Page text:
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Just in time for the 40th anniversary of the Apollo 11 moon landing next week, The Discovery Channel and Image Entertainment have released the documentary mini-series Moon Machines, originally broadcast on the Discovery offshoot The Science Channel last summer. This six-part series details the monumental engineering challenges faced by the Apollo program as those involved moved toward the ultimate goal of landing on the moon. Each episode focuses on a specific topic, such as the multistage Saturn V rockets or the lunar rover, recounting the development of this incredible machinery through interviews of the engineers involved in their design and construction, along with contemporaneous film footage.
The self-explanatory episodes titles are:
The Saturn V Rocket
The Command Module
The Navigation Computer
The Lunar Module
The Space Suit
The Lunar Rover
Moon Machines does just about everything right. Each Apollo component is covered in-depth, with well-written narration and interview footage delving into aspects of design, construction, trouble-shooting, tests, and launch of each system.
The scale of the engineering work accomplished throughout the Space Race in the 1960s, and the speed with which remarkable innovations were achieved, is almost beyond comprehension. According to the narration, 400,000 engineers and technical staff were involved in the Apollo program. The level of coordination between government agencies, private contractors, scientific research laboratories, and other elements of the public and private sectors, is baffling and seems utterly impracticable to a contemporary viewer. At a time when suspicion of government "activism" of any sort is quibbled over ad nauseam, it seems utterly unreal for a project of this scope to have been accomplished in less than a decade. (In my own backyard, it's taking longer than that to rebuild the eastern span of the San Francisco-Oakland Bay Bridge.)
More mind-boggling than the "how" here is the "what." The rockets, modules, and computer systems that were developed for the specific purpose of going to the moon have endured with a legacy of numerous far-flung applications that remain in our 21st century daily lives. A key example is the integrated circuit, which made great leaps forward in the course of being refined for usage in the navigational computer inside the Apollo command modules.
The level of detail here is impressive. We see who was involved and get a sense of the working environments at places like North American Aviation and the MIT Instrumentation Laboratory. Still, the personalities involved are not as important as the science, and are appropriately downplayed. The stories behind the machines are thankfully presented without the semi-fictional flare that many "documentaries" offer up these days in the form of half-hearted recreations featuring costumed actors muttering inaudible dialogue - or worse, made-up dialogue. No, Moon Machines keeps it real by sticking to new interview footage with key players on the engineering teams, interspersed with archival footage of those same teams working on the projects discussed. It's amazing how thoroughly the space program was documented at the time; virtually everything mentioned by the interviewees is on film, from mundane shots of daily life in the labs and launch sites, to the spectacularly catastrophic rocket tests highlighted in The Right Stuff.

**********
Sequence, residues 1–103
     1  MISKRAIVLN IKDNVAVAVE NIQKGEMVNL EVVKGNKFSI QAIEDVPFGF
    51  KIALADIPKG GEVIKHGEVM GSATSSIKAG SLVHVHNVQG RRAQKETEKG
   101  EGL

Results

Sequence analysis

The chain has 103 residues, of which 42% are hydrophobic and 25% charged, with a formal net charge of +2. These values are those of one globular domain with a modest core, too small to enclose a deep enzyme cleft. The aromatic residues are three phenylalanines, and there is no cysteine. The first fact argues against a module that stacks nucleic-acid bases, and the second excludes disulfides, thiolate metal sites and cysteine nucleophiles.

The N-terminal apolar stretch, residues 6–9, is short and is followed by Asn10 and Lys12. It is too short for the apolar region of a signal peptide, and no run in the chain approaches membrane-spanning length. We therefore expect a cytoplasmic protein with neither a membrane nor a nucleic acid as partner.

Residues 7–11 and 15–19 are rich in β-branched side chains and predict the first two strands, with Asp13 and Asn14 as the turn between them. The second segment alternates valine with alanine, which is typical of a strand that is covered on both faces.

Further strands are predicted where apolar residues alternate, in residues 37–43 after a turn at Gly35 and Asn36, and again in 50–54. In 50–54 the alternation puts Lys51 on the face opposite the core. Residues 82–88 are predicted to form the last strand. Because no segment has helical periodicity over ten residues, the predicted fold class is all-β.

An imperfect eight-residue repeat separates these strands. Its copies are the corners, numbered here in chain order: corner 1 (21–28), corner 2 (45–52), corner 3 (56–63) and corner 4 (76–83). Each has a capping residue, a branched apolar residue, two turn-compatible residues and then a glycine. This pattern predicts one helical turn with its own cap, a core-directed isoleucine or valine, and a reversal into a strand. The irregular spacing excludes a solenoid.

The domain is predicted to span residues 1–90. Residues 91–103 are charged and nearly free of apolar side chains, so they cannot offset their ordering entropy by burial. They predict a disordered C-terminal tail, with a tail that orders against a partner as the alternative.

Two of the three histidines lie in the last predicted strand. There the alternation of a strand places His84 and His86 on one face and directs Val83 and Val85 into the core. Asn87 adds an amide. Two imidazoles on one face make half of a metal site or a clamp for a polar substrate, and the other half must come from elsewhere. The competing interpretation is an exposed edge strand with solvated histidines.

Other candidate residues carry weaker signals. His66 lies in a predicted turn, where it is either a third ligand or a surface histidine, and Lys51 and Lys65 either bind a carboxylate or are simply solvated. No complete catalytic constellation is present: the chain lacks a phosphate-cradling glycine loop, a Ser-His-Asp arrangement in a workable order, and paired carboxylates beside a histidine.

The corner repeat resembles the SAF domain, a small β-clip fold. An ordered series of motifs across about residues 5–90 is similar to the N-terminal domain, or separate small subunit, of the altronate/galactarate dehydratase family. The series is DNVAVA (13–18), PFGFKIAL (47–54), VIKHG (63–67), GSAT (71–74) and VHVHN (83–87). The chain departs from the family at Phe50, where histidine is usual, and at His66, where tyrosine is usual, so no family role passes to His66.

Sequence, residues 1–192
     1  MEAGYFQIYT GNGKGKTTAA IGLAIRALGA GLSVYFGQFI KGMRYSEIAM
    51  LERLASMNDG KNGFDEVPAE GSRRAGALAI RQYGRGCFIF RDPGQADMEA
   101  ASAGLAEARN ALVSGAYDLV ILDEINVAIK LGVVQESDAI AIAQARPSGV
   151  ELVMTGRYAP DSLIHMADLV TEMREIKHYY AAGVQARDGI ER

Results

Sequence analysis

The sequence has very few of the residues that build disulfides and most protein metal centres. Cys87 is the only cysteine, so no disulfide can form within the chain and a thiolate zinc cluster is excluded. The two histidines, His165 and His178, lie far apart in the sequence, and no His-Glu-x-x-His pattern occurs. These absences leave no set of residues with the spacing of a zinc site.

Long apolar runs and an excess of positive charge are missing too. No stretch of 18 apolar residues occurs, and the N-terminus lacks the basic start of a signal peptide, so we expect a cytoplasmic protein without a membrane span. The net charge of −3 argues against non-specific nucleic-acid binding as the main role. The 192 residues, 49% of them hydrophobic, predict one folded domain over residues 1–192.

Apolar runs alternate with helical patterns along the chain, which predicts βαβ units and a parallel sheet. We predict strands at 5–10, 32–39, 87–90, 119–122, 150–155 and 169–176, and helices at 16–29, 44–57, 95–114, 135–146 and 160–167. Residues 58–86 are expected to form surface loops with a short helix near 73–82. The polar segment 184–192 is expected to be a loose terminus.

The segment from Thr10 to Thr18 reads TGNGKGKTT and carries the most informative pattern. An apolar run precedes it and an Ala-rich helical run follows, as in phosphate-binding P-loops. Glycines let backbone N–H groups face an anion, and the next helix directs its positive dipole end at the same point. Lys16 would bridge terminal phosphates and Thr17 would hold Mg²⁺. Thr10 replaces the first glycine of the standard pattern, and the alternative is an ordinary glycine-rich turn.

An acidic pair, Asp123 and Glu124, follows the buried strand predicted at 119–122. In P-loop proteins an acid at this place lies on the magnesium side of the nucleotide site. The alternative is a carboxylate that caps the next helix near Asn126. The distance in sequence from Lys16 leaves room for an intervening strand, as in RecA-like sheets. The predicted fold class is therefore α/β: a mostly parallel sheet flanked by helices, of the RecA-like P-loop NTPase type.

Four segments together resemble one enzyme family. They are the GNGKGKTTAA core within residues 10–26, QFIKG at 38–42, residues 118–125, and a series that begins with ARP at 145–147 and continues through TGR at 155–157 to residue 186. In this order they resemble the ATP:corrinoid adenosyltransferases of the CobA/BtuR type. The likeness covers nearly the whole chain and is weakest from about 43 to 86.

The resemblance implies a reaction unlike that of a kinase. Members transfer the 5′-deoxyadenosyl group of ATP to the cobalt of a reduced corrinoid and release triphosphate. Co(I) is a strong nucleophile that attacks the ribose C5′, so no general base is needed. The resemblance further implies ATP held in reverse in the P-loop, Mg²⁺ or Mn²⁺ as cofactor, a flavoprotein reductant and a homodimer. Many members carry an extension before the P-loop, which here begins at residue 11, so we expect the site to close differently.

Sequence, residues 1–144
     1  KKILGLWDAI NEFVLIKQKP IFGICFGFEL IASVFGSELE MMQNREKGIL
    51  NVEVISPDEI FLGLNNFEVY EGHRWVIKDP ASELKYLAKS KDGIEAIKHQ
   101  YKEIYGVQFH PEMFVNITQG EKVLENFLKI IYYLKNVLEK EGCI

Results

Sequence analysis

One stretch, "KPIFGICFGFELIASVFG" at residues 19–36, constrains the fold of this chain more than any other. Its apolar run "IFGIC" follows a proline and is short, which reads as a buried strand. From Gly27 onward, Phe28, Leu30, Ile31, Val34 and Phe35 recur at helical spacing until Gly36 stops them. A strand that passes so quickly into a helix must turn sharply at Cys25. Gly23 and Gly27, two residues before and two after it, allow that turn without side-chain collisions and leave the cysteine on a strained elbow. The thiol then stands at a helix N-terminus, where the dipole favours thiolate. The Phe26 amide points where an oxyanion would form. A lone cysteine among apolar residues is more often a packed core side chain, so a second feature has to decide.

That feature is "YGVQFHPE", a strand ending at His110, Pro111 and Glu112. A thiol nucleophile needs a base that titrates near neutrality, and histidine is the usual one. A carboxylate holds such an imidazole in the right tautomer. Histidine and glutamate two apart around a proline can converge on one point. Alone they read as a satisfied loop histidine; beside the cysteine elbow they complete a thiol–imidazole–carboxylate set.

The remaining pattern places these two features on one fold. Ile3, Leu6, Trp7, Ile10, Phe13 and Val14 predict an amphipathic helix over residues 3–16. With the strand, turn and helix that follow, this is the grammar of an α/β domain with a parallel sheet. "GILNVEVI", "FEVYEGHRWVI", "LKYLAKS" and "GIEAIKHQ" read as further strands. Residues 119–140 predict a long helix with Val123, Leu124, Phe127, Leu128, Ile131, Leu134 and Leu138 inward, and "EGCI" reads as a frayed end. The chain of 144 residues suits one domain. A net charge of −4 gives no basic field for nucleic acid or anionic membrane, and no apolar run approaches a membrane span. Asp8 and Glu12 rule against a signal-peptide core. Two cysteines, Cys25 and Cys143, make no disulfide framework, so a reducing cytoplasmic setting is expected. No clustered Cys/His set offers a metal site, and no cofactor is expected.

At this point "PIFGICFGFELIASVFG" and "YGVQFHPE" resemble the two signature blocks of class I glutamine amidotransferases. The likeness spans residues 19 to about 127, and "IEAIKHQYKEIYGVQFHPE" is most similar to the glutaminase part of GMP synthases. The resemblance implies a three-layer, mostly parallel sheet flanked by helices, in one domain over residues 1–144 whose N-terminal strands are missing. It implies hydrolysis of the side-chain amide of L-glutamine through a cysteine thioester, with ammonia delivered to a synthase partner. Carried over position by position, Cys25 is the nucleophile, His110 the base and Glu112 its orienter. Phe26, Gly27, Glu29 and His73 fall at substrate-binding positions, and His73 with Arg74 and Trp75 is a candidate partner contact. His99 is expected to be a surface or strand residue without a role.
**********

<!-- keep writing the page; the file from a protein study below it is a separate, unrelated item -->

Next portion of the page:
The creative team behind the series was also responsible for the well-received In the Shadow of the Moon (2006). The episodes are thoughtfully laid out, and complicated scientific and engineering concepts (such as the challenge of reducing the weight of the Saturn V rocket's second stage) are explicated with simple, clear animated diagrams to compliment the words of the engineers themselves. The series is exceptionally well-edited, and the score by Philip Sheppard is thoughtful and unusually engaging for this type of program.
A very nice enhanced 1.78:1 transfer is provided. The image shines, unfettered by artifacts. The interview footage is particularly clean. The archival film footage is presented in its original square aspect ratio, windowboxed within the anamorphic transfer. This footage has clearly been carefully preserved, with bold, lifelike color. It's easy to forget that this stuff is 40-plus years old.
A solid Dolby Digital 2.0 stereo mix is provided. The balance is strong, with interviewee dialogue and narration remaining in the forefront. When voices are absent from the soundtrack, the often excellent musical score is gently highlighted.
The story of the Space Race of the 1960s and the Apollo missions in particular, have been covered in countless books, feature films, and documentaries. Moon Machines, however, sheds important light on this fascinating topic by focusing on the achievements of the engineering groups that constructed the physical components which made space exploration possible in the first place. Highly Recommended.